Note what Raddatz did not ask and never would. Even after both candidates re-affirmed their commitment to attacking Iran to prevent it from acquiring a nuclear weapon (Biden dismissed Gates’ warning about an attack by saying that “it could prove catastrophic, if we didn’t
do it with precision
”), there were no questions about whether the US would have the legal or moral right to launch an aggressive attack on Iran. That the US has the right to attack any country it wants is one of those unexamined assumptions in Washington discourse, probably the supreme orthodoxy of the nation’s “foreign policy community”.

Worse, even after Biden boasted about the destruction of the Iranian economy from US sanctions - “the ayatollah sees his economy being crippled… . He sees the currency going into the tank. He sees the economy going into freefall” - there was no discussion about the severe suffering imposed on Iranian civilians by the US, whether the US wants to repeat the mass death and starvation it brought to millions of Iraqis for a full decade, or what the consequences of doing that will be.

In sum, all of Raddatz’s questions were squarely within the extremely narrow - and highly ideological - DC consensus about US foreign policy generally and Iran specifically: namely, Iran is a national security threat to the US; it is trying to obtain nuclear weapons; the US must stop them; the US has the unchallenged right to suffocate Iranian civilians and attack militarily. As usual, the only question worth debating is whether a military attack on Iran now would be strategically wise, whether it would advance US interests.

One can say many things about the worldview promoted by her questions. That it is “objective” or free of ideology is most certainly not one of them. [++]

Election year garbage | Glenn Greenwald

On this fall’s false choice:

These episodes, all from the last 24 hours, demonstrate why I cannot wait for the election to be over:

Mitt Romney, Monday, in his heralded foreign policy speech:

“This is the struggle that is now shaking the entire Middle East to its foundation… . In short, it is a struggle between liberty and tyranny, justice and oppression, hope and despair.”

Mitt Romney, yesterday, in the same speech, moments later:

“I will deepen our critical cooperation with our partners in the Gulf.”

So to recap: we’re in a war for freedom against tyranny, and for justice against oppression - a war which Mitt Romney will fight in close alliance with the regimes of Saudi Arabia, Bahrain, Qatar, and the United Arab Emirates.

Then we have this, from Romney’s foreign policy speech, in which the GOP nominee diagnoses what he sees as the problem in the Middle East:

“The attacks against us in Libya were not an isolated incident. They were accompanied by anti-American riots in nearly two dozen other countries, mostly in the Middle East, but also in Africa and Asia. Our embassies have been attacked. Our flag has been burned. Many of our citizens have been threatened and driven from their overseas homes by vicious mobs, shouting ‘Death to America.’ These mobs hoisted the black banner of Islamic extremism over American embassies on the anniversary of the September 11th attacks.”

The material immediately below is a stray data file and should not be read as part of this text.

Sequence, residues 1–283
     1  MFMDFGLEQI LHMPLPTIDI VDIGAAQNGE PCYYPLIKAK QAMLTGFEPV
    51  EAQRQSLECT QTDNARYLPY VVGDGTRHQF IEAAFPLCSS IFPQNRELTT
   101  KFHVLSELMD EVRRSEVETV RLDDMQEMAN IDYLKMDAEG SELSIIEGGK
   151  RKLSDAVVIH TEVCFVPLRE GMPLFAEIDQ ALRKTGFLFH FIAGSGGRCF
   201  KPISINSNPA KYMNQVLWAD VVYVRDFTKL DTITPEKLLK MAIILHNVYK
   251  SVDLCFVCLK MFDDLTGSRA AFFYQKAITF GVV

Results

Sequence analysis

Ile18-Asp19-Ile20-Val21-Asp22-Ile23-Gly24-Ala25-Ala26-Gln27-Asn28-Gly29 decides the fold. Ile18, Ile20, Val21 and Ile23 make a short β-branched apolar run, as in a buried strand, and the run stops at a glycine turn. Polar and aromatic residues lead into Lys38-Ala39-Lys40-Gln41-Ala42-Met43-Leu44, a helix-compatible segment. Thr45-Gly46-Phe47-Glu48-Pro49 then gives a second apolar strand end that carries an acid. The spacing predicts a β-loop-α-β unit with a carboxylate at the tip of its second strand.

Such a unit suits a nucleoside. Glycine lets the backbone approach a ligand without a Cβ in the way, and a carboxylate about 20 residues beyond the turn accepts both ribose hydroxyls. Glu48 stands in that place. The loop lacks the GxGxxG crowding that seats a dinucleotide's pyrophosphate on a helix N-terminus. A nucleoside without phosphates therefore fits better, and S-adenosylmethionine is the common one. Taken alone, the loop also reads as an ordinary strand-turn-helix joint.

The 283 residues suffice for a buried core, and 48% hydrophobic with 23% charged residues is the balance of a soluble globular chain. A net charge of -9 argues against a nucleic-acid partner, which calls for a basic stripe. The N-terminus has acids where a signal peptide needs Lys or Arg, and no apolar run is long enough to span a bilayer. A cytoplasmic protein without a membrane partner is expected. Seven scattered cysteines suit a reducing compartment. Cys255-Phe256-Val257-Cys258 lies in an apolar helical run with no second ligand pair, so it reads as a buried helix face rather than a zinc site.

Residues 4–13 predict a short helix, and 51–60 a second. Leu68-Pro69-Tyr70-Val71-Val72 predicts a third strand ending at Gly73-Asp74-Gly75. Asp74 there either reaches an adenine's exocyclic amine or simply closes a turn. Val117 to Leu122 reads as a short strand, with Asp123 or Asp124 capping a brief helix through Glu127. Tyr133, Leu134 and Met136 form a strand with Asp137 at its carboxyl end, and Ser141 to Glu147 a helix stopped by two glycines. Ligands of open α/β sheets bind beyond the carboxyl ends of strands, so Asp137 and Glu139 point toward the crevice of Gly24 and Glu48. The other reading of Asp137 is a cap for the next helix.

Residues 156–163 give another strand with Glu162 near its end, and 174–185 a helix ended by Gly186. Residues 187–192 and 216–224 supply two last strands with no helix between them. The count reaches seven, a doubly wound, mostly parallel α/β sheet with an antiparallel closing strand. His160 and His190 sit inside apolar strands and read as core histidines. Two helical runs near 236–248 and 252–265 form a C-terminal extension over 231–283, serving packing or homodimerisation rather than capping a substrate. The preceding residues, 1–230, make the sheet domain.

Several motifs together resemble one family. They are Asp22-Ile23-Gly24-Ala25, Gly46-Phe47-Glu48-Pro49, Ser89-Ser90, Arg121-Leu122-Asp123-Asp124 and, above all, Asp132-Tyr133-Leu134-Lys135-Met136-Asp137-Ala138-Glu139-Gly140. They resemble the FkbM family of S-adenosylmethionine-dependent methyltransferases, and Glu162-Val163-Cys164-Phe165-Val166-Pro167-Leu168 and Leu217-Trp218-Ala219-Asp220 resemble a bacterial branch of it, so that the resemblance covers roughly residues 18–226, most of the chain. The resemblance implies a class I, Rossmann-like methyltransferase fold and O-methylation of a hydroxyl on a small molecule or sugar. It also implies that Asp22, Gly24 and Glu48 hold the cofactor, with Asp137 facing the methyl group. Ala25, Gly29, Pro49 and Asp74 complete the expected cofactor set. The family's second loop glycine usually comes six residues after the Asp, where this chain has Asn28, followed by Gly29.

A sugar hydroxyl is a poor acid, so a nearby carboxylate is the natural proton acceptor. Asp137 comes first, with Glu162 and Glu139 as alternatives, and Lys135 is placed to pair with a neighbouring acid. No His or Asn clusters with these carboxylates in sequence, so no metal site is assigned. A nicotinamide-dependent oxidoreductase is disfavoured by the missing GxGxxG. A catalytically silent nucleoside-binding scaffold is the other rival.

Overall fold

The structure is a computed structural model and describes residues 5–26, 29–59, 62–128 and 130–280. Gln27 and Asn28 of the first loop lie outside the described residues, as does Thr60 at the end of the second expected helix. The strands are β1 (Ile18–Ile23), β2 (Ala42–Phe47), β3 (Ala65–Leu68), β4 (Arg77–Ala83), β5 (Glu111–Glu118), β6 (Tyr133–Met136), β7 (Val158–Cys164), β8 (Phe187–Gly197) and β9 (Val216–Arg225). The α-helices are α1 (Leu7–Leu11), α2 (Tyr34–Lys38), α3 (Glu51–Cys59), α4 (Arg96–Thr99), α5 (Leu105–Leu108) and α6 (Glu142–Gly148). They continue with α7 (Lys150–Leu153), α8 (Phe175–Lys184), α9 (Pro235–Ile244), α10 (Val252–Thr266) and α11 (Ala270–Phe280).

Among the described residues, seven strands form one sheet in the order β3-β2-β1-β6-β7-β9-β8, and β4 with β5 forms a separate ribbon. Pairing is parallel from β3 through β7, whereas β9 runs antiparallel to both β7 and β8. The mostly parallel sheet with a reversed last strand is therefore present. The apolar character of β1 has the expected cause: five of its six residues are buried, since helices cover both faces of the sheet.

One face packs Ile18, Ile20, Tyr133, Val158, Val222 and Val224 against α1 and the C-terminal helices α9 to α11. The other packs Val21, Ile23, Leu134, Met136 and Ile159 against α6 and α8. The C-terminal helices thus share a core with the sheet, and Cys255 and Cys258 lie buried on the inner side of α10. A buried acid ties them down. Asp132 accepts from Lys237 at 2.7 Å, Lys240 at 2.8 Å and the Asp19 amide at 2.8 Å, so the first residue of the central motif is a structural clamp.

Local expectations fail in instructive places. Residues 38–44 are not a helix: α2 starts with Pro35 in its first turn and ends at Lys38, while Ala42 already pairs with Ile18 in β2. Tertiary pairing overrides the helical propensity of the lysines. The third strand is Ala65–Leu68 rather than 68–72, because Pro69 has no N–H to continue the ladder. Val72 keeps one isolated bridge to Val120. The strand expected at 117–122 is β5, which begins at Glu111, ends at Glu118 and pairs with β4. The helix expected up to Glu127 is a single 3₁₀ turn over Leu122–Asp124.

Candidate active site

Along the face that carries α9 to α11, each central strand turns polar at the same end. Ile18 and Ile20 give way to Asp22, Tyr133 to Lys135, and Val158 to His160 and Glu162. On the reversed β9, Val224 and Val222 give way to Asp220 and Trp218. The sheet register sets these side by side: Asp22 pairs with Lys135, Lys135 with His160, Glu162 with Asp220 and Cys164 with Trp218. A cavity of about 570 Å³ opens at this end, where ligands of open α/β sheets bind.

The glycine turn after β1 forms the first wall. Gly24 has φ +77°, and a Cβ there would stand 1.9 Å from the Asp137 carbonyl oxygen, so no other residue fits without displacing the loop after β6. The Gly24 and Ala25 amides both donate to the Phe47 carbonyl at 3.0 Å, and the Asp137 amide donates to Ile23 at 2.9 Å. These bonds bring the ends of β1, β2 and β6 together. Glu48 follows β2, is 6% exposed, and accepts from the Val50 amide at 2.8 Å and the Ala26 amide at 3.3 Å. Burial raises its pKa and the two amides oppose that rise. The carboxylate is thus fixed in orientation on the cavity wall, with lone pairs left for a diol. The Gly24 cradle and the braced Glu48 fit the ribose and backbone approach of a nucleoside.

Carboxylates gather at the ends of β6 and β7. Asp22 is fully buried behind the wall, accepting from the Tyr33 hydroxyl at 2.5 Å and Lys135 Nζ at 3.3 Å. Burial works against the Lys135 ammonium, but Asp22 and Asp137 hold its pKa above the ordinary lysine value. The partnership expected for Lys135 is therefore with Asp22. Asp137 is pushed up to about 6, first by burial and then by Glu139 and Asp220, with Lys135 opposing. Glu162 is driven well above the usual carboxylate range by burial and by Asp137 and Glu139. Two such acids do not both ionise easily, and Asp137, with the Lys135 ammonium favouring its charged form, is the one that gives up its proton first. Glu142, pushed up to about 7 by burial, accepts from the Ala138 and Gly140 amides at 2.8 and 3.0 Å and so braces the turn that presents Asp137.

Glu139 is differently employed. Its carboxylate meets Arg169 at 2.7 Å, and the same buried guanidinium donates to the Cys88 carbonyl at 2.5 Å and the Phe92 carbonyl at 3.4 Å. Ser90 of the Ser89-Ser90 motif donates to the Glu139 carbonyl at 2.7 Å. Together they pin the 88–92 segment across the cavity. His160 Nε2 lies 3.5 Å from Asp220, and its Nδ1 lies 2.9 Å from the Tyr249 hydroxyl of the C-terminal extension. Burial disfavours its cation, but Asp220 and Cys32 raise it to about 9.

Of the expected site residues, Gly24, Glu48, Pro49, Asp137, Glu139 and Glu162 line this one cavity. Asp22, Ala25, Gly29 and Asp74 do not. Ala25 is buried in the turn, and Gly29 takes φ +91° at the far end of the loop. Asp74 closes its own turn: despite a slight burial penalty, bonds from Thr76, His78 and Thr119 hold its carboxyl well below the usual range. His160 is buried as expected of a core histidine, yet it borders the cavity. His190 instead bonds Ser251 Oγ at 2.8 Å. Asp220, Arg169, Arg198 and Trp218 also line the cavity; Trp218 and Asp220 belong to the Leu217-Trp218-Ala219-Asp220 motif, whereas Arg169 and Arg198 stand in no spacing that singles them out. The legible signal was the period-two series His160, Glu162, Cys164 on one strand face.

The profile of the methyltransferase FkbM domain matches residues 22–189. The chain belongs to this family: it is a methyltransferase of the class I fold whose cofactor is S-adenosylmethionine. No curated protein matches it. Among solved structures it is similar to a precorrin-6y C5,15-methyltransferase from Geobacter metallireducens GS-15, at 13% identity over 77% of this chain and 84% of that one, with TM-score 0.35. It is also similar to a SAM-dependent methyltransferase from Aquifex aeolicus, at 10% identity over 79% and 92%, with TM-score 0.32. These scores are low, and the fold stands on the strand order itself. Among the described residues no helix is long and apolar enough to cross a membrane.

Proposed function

And here are his solutions:

“Drones and the modern instruments of war are important tools in our fight … . I will not hesitate to impose new sanctions on Iran, and will tighten the sanctions we currently have. I will restore the permanent presence of aircraft carrier task forces in both the Eastern Mediterranean and the Gulf region - and work with Israel to increase our military assistance and coordination… . I will reaffirm our historic ties to Israel and our abiding commitment to its security - the world must never see any daylight between our two nations. I will deepen our critical cooperation with our partners in the Gulf.”

To summarize: in light of extreme anti-American sentiment, we must drone-bomb more, kill Iranian civilians with sanctions, send more symbols of military occupation to their region, move still closer to Israel (which could only be accomplished by some sort of new surgical procedure to collectively implant us inside of them), and more vigorously support the repressive Gulf regimes. In other words, to solve the problem of anti-American hatred in the region, we must do more and more of exactly that which - quite rationally - generates that hatred.

And “more and more of exactly that which” ……. Barack Obama is already doing. And people think there isn’t enough bipartisanship in Washington.

As Michael Cohen stated in the Guardian:

[O]ne would be hard-pressed to find a single substantive difference [wrt foreign policy] between what Romney is proposing as a candidate and Obama is actually doing as president.

Read the whole piece

The Biggest Kiss: How Neither Political Party Wants to Break Up the Biggest Banks | Jeff Connaughton